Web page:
Raymond Martin (academic)
|Raymond Leslie Martin AO|
|3rd Vice-Chancellor and President of Monash University|
|Term||1977 – 1987|
|Successor||Mal Logan AC|
|Born||3 February 1926|
|Alma mater||University of Melbourne
University of Cambridge
Australian National University
Martin grew up in Melbourne where he attended Scotch College Melbourne from grade 6 until attaining his Leaving Certificate. His father had to move suddenly to Sydney for work reasons, and whilst in Sydney Martin attended North Sydney Boys' High School for a year before returning to Melbourne for his tertiary education. His tertiary education was at the University of Melbourne and the University of Cambridge. He was an outstanding student, receiving numerous prizes and scholarships. He gained two doctorates from Cambridge and one doctorate from the Australian National University, all in chemistry.
In the 1950s, Martin was appointed lecturer at the University of New South Wales, before being appointed professor of chemistry at Melbourne University at just 36 years of age. During this time, he worked in private industry, and was also a visiting scholar at Columbia University. In 1972, he moved to ANU, where he was Dean of the Research School of Chemistry. In 1984 Martin was elected chairman of the International Atomic Weights Commission where he served until 1987.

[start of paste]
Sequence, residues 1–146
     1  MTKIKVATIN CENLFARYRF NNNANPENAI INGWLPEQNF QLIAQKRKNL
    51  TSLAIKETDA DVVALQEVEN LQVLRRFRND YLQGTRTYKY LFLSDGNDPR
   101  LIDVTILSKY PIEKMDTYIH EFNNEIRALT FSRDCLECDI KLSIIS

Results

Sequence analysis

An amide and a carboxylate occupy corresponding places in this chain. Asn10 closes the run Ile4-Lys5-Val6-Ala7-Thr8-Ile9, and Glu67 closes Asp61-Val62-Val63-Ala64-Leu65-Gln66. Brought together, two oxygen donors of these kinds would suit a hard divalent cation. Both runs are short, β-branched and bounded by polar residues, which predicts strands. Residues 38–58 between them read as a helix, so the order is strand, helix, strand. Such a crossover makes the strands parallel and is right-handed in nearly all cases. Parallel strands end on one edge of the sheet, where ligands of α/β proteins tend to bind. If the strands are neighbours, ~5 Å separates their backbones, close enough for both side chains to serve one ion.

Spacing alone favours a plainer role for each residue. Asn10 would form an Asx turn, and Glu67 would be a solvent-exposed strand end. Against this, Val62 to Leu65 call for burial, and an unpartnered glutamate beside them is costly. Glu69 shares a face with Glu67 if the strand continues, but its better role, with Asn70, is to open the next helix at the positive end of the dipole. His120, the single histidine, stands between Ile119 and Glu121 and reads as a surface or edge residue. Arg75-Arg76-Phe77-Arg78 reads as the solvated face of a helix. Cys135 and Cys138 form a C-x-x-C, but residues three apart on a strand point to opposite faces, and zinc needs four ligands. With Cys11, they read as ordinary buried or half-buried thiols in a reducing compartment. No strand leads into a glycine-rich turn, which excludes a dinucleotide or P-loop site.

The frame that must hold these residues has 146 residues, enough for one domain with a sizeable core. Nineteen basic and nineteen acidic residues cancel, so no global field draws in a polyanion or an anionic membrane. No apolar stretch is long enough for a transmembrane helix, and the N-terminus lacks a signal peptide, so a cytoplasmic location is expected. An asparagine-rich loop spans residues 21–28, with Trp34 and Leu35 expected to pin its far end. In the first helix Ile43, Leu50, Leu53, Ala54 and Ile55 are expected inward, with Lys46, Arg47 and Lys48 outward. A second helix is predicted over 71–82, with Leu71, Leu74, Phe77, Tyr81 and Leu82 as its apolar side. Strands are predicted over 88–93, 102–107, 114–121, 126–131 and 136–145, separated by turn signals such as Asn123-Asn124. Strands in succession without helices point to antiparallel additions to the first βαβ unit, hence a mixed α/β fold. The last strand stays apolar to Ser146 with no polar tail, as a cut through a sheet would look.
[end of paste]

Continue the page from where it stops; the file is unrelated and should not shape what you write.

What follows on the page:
In 1977, Martin was appointed the third Vice-Chancellor of Monash University. The position was originally intended to go to a British academic, Lord John Vaizey. However, negotiations between Vaizey and the University broke down after Vaizey's demands became increasingly outlandish. As a result, the position went to Martin, after founding Dean of Arts Bill Scott filled the vacancy for a year.
His leadership at Monash consolidated the extraordinary growth achieved by the University. In a sense, his vice-chancellorship was much quieter than the pioneering of Louis Matheson or the massive expansion of Mal Logan. This was partly because funding for Australian universities slowed during his tenure, while no major educational reforms were made by Australian governments.
When he stepped down from the lead role at Monash, he worked as a professor of chemistry at the University, before moving to Canberra to work in the Prime Minister's Department as Chair of the Australian Science and Technology Council.